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Public health to end free COVID testing in Northwest Georgia

The Georgia Department of Public Health Northwest Health District is ending its nearly yearlong operation of free COVID-19 testing sites effective Thursday, February 25, with the closing of that day’s site in Walker County.

 

 

The Georgia Department of Public Health Northwest Health District is ending its nearly yearlong operation of free COVID-19 testing sites effective Thursday, February 25, with the closing of that day’s site in Walker County.

 

“Over the last two months, we’ve been shifting more and more of our limited public health resources to providing vaccinations,” says Dr. Gary Voccio, health director for the ten-county district, “and in anticipation of an increasing vaccine supply believe now is time to discontinue COVID testing and focus on immunization. There are now other sources in our Northwest Georgia communities for these tests.”

 

Voccio is quick to point out that the health district’s decision to stop providing free COVID testing should by no means be taken as an indication that the virus is no longer a serious problem in Northwest Georgia.  “Although cases and hospitalizations are currently declining, we’re not out of the woods yet,” Voccio explains. “We continue to see community transmission of the coronavirus, new cases, and, unfortunately, COVID deaths still occurring.”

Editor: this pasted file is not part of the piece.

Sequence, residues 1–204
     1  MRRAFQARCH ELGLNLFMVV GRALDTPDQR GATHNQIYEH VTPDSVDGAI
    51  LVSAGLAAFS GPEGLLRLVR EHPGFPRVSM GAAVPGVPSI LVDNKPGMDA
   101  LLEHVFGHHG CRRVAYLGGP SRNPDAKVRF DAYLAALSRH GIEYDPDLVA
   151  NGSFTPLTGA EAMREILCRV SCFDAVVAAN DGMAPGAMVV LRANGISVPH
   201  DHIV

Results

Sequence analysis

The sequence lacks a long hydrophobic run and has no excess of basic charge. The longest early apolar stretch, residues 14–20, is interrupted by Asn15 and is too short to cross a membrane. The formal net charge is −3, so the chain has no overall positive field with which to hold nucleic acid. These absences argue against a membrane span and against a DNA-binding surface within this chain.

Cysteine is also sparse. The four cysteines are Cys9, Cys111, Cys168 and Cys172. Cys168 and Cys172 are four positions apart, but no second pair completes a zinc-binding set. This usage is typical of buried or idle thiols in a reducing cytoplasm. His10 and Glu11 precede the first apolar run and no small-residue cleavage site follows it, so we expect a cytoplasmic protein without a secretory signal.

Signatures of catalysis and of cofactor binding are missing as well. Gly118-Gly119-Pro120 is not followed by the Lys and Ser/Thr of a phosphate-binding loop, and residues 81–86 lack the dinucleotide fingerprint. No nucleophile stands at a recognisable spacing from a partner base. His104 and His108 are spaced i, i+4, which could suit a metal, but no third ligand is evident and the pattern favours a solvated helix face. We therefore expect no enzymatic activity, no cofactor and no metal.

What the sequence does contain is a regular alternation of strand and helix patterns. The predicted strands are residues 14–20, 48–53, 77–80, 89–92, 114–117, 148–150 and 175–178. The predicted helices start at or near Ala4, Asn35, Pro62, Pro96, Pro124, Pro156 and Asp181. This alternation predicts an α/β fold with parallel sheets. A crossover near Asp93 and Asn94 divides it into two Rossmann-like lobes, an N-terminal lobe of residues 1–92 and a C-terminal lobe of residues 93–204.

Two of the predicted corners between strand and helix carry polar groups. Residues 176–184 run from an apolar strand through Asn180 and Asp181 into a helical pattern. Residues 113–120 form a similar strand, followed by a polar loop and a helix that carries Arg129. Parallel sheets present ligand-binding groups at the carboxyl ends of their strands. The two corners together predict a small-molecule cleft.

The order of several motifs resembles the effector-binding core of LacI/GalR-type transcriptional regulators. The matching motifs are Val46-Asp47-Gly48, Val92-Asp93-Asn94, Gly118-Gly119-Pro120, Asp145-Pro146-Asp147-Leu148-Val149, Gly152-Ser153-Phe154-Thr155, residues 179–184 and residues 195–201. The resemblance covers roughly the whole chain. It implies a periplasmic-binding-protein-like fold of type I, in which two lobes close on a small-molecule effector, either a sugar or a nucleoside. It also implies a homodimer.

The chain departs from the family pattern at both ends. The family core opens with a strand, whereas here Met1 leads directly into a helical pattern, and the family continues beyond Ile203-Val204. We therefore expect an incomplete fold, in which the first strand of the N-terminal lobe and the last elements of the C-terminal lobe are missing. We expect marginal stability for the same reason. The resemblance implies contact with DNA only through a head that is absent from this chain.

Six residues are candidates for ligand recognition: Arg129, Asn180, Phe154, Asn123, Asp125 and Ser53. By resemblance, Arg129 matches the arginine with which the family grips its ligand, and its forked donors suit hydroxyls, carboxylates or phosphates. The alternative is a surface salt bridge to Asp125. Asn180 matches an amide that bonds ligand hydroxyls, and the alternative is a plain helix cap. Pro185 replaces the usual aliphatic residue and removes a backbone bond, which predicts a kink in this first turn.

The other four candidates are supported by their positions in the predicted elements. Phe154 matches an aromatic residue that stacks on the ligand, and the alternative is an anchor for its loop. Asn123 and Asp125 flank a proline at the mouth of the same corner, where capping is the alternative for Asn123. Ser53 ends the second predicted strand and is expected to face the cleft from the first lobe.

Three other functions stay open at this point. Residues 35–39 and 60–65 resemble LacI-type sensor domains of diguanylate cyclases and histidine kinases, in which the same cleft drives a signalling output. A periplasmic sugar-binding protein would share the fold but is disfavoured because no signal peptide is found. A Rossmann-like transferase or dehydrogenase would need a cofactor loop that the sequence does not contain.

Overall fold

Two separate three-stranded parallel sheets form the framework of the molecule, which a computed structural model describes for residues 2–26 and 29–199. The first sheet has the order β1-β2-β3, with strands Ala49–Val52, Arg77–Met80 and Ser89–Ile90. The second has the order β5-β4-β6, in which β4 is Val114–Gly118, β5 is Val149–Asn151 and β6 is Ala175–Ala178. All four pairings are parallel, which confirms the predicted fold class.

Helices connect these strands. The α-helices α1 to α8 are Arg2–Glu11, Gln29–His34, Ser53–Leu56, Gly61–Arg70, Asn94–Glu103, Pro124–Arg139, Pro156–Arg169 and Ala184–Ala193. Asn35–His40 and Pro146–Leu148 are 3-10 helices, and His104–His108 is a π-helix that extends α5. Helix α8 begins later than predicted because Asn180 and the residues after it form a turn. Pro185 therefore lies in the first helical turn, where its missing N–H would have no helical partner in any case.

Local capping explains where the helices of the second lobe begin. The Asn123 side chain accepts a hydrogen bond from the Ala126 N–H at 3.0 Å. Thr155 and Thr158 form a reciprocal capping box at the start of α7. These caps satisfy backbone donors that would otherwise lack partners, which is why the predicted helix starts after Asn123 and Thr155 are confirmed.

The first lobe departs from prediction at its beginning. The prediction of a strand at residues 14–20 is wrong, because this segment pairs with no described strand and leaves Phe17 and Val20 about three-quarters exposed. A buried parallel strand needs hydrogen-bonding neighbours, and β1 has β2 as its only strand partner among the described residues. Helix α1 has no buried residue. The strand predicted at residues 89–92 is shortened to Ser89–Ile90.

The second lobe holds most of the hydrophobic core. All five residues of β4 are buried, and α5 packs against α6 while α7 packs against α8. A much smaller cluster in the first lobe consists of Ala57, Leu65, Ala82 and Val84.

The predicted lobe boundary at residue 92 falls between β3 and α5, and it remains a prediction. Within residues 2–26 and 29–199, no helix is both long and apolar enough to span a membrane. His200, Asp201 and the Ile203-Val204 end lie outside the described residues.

Voccio says the health district has conducted over 150,000 diagnostic tests in Northwest Georgia since opening the first free testing sites early last year in Bartow and Floyd counties. At one time, the health district was providing free testing in all ten of its counties six days a week. The diagnostic test, known as a PCR test, shows if an individual has an active coronavirus infection.

 

Voccio says that shifting public health resources to immunization will allow county health departments to continue providing more and more vaccinations. “We’re getting the vaccine in peoples’ arms just as quickly as we receive it,” he says, and “could be vaccinating even more people more quickly if we had more vaccine.”  Voccio says vaccine supply in Northwest Georgia “remains erratic and inadequate to meet demand” but anticipates delivery and availability to improve over time.

 

“The immunization program is going to be a marathon, not a sprint,” he says, “and vaccines are eventually going to be available from a variety of providers, not just public health.”

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